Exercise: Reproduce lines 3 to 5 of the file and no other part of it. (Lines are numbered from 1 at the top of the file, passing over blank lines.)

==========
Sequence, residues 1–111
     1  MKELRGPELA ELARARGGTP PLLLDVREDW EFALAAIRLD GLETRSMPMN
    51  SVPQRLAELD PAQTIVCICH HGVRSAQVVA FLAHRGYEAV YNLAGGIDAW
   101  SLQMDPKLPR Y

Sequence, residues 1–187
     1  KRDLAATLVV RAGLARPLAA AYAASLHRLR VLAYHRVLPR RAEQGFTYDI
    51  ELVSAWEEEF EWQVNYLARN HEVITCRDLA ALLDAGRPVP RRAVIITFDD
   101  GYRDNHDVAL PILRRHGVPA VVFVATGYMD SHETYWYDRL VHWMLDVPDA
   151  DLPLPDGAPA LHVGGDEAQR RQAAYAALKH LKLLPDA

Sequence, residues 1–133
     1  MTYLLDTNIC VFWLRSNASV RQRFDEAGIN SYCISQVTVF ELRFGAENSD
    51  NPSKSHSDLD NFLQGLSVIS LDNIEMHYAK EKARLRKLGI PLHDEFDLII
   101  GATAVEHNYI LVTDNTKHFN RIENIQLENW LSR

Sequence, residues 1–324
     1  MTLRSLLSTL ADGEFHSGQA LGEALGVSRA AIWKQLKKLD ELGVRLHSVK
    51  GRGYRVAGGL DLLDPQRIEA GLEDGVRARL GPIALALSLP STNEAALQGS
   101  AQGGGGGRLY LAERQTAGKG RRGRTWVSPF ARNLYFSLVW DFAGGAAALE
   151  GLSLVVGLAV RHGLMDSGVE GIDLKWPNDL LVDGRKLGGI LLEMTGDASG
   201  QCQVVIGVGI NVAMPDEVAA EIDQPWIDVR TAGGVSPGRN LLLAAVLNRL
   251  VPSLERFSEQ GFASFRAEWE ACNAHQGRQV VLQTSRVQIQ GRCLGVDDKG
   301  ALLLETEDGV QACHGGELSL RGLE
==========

    51  SVPQRLAELD PAQTIVCICH HGVRSAQVVA FLAHRGYEAV YNLAGGIDAW
   101  SLQMDPKLPR Y

Sequence, residues 1–187